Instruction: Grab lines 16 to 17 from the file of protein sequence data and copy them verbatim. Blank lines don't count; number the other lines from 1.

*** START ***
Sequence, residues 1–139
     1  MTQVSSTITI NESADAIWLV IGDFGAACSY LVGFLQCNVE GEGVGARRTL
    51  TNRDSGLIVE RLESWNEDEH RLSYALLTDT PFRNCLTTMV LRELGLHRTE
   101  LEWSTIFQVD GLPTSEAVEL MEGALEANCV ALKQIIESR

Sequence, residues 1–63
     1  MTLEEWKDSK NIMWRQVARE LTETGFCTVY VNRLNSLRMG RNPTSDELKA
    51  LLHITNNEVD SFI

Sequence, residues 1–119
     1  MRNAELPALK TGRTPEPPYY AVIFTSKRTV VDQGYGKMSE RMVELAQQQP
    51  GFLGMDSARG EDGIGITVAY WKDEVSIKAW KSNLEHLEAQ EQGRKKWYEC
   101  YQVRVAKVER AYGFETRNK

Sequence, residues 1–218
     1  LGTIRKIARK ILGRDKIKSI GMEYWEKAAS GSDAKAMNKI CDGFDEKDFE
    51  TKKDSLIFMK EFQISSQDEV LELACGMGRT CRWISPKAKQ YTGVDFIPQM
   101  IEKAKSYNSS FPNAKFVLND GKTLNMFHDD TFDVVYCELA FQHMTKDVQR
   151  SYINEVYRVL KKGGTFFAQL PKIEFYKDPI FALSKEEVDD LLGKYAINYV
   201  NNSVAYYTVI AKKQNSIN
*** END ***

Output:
   151  SYINEVYRVL KKGGTFFAQL PKIEFYKDPI FALSKEEVDD LLGKYAINYV
   201  NNSVAYYTVI AKKQNSIN